So many people ask me this question, or at least some variation on it. The answer I always give is, “It depends…” Then, I go on to list the various criteria that factor in to determining an equitable pricing guide for your work. Here’s a couple of the factors that I’ve always considered when setting prices for work:
1. Location – Are you in New York, Colorado, South Carolina, or California? The cost of living varies greatly in each of these areas, and what might be a good rate for Colorado would barely pay the cost of gas in California. Consider your geographic market when pricing because the market can be a huge factor in how to set pricing.
2. Competition – What are others charging? Here you have to be careful because there is always going to be someone who can undercut you. I see ads on Craigslist and other places all the time where photographers trying to build a portfolio will offer to work for peanuts – or even free, just to get the experience! It’s kind of hard to compete with that, so consider the “competition” as those who are in the same boat you are in.
3. The “Target Market” – Tying all of this in is the target audience that you want to market to. If you want to bring in as many clients as possible, then you will have to market differently than if you only want to work 12 events or sessions a year. So, consider who you want to be your client list as this can be a huge determinant in your pricing strategy.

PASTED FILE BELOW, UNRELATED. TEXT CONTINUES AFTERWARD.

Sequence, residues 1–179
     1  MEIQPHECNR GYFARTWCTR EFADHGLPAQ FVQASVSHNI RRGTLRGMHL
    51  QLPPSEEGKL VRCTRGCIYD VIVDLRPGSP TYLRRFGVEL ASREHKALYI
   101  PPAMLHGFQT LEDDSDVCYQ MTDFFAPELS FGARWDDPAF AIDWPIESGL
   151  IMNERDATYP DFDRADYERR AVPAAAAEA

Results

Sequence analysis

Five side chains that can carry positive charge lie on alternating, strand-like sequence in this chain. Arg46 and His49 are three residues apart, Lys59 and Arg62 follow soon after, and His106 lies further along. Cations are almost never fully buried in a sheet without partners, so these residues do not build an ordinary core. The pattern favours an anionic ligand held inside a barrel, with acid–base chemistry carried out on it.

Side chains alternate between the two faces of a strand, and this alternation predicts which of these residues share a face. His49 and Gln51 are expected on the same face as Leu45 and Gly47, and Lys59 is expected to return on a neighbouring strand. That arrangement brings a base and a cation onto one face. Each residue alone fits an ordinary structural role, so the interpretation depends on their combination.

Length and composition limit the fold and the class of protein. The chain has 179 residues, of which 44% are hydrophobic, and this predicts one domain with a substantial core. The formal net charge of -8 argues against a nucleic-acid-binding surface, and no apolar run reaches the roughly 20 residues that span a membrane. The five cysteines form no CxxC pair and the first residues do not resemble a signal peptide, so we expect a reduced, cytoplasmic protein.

4. Type of Work – Are you a portrait photographer or an event photographer? Architectural photography? Magazine photography? How specialized is your field or niche? Different types of work can garner different rates, and rates can also vary based on hourly or flat rates depending on how you prefer to work. I know some photographers that charge based on the event, and others who charge hourly rates.
5. What’s included? – Are you talking about just the rate to capture the images or does this also include post production? What about image usage? Is licensing a factor and if so, what type of license is being delivered? if not, are you producing prints, is the cost of the capture time built in to expected sales, or are the resulting images going to be transferred to the client for their own use. This can have a huge impact on pricing because licensing fees can get pretty extensive, as can re-prints.
This is just the tip of the iceberg too…I’m sure others can offer particular insights and considerations to take into account when building out your price sheet. There’s a lot to take into consideration…and you know what’s coming – the reader question: What are your own considerations when building a price sheet? Do you charge by the hour or by the event? Have you included gear depreciation in your pricing? What about your hourly rate that you would like to actually earn versus that which goes to paying overhead? Sound off in the comments – I’d love to hear what others have included in their own formulas! Happy shooting and we’ll see you back here again tomorrow…